Sadly it takes the death of a celebrity, like Prince, or an affluent child from influential family to grab the attention of the folks who are responsible for dealing with this serious problem.
Music legend Prince died after taking what he thought was Vicodin but was actually a counterfeit painkiller that was laced with fentanyl, a Minnesota prosecutor said Thursday in announcing that he would not be filing criminal charges in Prince’s death.
“In all likelihood, Prince had no idea he was taking a counterfeit pill that could kill him,” Carver County Attorney Mark Metz said at a news conference in Chaska. “Others around Prince also likely did not know that the pills were counterfeit containing fentanyl.”
2010-2014 saw a 248% increase in heroin deaths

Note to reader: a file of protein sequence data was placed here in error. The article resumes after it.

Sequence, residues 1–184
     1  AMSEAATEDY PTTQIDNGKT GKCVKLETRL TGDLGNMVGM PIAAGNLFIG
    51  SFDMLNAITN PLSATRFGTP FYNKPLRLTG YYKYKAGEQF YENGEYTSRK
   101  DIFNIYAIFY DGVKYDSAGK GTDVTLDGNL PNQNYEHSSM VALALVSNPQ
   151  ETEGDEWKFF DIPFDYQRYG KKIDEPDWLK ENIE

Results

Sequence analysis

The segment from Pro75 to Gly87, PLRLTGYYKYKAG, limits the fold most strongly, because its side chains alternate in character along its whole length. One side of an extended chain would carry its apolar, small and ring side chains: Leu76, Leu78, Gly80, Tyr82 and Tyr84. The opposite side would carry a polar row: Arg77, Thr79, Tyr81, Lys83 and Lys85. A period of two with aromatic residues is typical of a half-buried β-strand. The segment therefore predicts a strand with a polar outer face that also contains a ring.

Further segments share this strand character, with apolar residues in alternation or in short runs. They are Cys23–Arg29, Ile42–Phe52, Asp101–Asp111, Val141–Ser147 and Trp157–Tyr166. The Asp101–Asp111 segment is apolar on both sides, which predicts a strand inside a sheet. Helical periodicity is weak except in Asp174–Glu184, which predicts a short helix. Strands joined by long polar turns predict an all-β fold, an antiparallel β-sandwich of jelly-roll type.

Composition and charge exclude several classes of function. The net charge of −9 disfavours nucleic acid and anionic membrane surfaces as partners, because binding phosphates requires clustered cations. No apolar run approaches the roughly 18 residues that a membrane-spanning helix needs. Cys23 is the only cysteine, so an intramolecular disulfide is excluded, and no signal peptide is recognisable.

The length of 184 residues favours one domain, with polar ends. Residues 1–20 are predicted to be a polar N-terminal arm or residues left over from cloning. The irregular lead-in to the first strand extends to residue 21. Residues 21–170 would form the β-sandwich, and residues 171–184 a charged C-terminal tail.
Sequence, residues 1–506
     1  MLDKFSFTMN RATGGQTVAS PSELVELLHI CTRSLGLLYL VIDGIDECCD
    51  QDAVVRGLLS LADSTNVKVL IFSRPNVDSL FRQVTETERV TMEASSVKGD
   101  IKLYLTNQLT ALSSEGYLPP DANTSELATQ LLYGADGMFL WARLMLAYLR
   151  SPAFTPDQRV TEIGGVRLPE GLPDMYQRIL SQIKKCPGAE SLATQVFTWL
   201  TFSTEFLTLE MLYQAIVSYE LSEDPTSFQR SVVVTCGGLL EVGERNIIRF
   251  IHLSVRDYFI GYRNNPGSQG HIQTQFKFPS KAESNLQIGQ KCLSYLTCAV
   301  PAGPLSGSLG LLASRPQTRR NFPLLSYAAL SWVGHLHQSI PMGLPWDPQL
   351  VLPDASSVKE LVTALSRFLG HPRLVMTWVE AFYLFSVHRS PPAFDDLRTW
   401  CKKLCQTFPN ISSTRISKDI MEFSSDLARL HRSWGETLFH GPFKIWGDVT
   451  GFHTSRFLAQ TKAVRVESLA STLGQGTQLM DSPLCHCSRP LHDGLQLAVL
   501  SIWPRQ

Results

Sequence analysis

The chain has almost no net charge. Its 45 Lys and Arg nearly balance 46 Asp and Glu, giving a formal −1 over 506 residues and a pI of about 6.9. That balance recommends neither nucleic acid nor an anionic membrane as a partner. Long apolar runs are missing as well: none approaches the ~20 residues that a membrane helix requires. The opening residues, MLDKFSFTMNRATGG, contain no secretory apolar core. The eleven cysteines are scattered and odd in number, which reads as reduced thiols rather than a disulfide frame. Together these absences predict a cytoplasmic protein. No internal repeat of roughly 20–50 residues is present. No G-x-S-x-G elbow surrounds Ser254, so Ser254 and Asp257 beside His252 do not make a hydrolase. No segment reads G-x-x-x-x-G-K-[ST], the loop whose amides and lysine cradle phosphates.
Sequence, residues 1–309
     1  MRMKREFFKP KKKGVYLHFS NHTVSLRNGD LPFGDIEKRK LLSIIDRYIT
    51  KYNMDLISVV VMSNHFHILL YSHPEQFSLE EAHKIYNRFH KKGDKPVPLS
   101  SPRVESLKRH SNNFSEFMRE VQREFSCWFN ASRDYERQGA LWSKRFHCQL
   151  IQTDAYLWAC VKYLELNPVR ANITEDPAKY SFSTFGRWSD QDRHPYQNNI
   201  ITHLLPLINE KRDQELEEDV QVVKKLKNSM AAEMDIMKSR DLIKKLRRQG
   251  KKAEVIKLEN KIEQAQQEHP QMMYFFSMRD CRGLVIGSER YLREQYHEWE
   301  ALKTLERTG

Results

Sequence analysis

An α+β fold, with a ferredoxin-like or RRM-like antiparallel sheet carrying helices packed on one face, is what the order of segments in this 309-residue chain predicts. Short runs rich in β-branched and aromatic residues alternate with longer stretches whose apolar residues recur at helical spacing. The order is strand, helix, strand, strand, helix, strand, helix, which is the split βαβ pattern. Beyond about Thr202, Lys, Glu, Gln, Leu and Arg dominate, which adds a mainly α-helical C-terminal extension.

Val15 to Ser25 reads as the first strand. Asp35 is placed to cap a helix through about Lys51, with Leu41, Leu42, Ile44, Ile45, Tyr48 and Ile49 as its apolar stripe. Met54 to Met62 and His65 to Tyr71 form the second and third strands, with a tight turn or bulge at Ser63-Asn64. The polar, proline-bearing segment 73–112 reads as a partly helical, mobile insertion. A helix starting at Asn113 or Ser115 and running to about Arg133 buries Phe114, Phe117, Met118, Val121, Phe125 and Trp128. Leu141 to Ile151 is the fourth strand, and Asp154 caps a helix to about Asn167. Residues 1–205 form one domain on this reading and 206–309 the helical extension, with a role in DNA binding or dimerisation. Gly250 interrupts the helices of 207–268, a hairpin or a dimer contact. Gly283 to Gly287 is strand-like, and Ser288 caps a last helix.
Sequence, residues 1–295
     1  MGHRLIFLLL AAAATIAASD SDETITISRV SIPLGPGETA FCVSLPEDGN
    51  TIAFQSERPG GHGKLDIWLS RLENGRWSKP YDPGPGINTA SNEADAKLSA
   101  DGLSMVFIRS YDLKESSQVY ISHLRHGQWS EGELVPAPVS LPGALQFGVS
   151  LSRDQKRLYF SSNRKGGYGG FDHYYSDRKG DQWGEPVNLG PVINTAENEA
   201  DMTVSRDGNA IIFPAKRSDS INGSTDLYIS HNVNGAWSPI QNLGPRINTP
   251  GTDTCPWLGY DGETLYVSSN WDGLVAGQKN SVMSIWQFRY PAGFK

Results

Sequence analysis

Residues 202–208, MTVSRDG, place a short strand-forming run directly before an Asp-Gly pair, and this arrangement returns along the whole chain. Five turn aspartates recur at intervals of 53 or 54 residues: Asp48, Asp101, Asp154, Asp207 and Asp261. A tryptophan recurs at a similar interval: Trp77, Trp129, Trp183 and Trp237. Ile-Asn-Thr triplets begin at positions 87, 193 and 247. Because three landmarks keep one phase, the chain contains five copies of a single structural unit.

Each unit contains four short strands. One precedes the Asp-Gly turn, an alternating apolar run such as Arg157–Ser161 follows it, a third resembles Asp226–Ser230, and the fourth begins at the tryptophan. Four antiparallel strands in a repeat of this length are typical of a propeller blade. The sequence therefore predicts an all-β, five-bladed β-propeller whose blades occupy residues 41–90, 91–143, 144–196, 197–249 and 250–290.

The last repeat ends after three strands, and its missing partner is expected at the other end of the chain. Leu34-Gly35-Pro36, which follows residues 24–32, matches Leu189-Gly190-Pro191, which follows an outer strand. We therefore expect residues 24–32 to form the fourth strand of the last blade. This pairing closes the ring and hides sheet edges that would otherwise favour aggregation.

According to National Center for Health Statistics, there has been a 248% increase in heroin deaths from 2010-2014, according to the Centers for Disease Control, more than 28,000 people died in 2014 from opioid painkillers and heroin, and according to DEA more than 46,000 people in the U.S. died from drug overdoses in 2013. Isn’t this alarming enough for Congress and others to get serious about this problem?
Many Parents, teachers and educators have never heard of Spice or K2. They think K2 is a brand name for skiing gear and Spice is a seasoning for meals. The manufacturers and distributors of these dangerous synthetic drugs want non-users to believe its incense or nice smelling potpourri.
The creative marketing scheme designed to protect the distributors from prosecution even mark the exotic designed packages, Scooby Snax, King Cobra, Kush Apple, Kong, Magic Dragon and as “not for human consumption”. Meanwhile, parents around the country are finding this synthetic cannabis and the paraphernalia in the bedrooms of their beautiful children as they lay either unconscious, dead or in the middle of a psychotic episode.